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LETTER: No one has a right to own a home in Oak Bay

Embedded in the discussion on the “missing middle” of the housing situation is an assumption that I find odd – that anyone wishing to live in any particular municipality has an inherent right to do so, often based on having grown up there.

Really? Everyone in Oak Bay who is not of First Nations descent has forebears who left their continent, never mind their favourite municipality, to find a better job or home.

And no one is entitled to the lifestyle their parents have earned over many years. My family has been in Victoria since 1927, mostly in Oak Bay. As young parents in the early ‘80s, my husband and I found that we could not afford Victoria, never mind Oak Bay, couldn’t get the right jobs, and moved elsewhere. We saved and hoped for 30 years… but we made it back. Builds character (or so we tell ourselves).

Now our own sons are going through it too – both well-paid professionals with spouses ditto. They can’t afford to live where they grew up, and have moved to less convenient areas for the time being. If they really want to get back, they will make it a priority.

As for Oak Bay being more expensive tax-wise, well of course. No one has a problem with the nicest restaurant meal being more costly than McDonald’s, or with better quality anything costing more. Why would the supremely important place to live be different?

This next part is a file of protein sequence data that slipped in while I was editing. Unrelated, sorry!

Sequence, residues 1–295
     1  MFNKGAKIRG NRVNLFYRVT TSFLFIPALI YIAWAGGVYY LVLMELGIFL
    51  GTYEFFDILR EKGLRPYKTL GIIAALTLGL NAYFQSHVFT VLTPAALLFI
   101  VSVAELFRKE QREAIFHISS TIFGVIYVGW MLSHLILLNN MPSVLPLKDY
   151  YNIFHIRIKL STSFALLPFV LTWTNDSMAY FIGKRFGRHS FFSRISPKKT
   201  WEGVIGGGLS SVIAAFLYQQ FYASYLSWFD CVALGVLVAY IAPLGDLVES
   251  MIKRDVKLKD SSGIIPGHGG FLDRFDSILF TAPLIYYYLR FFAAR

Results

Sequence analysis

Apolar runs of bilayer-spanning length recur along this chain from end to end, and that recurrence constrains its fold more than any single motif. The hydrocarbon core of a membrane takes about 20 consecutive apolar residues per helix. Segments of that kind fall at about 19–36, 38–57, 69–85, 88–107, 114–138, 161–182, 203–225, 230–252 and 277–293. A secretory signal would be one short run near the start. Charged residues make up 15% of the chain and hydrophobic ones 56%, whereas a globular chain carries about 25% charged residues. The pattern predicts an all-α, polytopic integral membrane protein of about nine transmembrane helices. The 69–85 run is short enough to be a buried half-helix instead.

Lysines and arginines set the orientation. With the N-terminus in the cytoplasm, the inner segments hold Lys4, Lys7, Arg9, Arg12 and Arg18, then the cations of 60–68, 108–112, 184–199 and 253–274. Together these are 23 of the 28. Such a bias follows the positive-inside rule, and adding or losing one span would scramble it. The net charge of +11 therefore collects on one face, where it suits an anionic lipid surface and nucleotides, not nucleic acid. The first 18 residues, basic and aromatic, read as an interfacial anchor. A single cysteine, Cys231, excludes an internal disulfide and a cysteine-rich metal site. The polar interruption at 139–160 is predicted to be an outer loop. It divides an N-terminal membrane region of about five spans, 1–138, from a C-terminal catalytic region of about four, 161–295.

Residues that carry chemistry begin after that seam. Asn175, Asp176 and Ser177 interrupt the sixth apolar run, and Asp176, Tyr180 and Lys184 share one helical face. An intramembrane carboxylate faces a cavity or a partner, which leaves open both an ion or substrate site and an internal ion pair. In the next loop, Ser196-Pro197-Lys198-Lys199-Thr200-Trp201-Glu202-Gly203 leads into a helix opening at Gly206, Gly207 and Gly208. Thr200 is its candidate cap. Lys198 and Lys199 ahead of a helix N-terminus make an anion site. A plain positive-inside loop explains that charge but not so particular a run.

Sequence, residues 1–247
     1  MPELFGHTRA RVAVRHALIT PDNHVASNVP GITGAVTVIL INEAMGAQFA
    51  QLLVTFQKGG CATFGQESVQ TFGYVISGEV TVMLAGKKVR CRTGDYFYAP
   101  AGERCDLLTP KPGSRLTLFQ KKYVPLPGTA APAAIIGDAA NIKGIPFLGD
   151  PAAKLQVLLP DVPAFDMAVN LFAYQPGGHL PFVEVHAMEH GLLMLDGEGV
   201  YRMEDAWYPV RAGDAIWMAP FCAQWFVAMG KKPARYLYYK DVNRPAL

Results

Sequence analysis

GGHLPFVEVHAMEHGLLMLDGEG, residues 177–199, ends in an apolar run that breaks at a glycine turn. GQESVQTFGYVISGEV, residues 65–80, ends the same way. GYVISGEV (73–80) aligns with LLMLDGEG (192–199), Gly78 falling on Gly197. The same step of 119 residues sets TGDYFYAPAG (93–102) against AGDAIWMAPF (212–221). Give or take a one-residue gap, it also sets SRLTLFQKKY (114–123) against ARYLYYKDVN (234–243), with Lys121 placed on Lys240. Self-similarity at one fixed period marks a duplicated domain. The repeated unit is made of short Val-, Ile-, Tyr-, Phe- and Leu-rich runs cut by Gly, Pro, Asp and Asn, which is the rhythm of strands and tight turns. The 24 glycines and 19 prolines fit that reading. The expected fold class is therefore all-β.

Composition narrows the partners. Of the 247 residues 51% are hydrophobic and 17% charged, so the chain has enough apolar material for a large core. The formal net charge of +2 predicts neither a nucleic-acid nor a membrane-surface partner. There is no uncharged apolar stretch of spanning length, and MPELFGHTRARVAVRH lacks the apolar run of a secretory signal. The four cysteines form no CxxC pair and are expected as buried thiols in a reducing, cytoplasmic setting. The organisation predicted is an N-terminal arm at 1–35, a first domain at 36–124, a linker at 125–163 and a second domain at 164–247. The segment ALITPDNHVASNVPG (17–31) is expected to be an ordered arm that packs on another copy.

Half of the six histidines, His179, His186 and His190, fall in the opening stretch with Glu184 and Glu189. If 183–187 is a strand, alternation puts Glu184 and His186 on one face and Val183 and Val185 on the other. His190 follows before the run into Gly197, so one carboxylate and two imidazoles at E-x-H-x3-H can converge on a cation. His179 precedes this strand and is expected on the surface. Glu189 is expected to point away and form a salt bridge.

And as for attempting to accommodate everyone who wants to live here … think that out to its natural end. When would people stop wanting to come? When it’s no longer unique, safe, beautiful, or quiet – when it’s ruined. Do we really want to be the Mexico City of Vancouver Island? Look what’s happened to Vancouver; it was a very livable “big city” until just a few decades ago. No more.

This is not to downplay the horrid state of homeownership. But we are not alone with that one, and we have something going for us in Oak Bay: a wealth of small and mid-sized family houses on green lots, with trees. (Urban planners say that’s important.)

But what happens to those? Are we replacing those little ones on the big lots with smaller or mid-sized affordable multiple dwellings like town or row-houses? Nope. We are replacing them with out-of-character behemoths which are utterly unaffordable to the average family, and which raise the ante for the neighbourhood. Dumb.

We can provide mid-range housing, we have lots of scope, and lots of fine examples of it already. Put multi-family complexes in the appropriate places, and stop allowing the super-expensive high-end monsters in inappropriate ones.

Karen Nelson

Oak Bay

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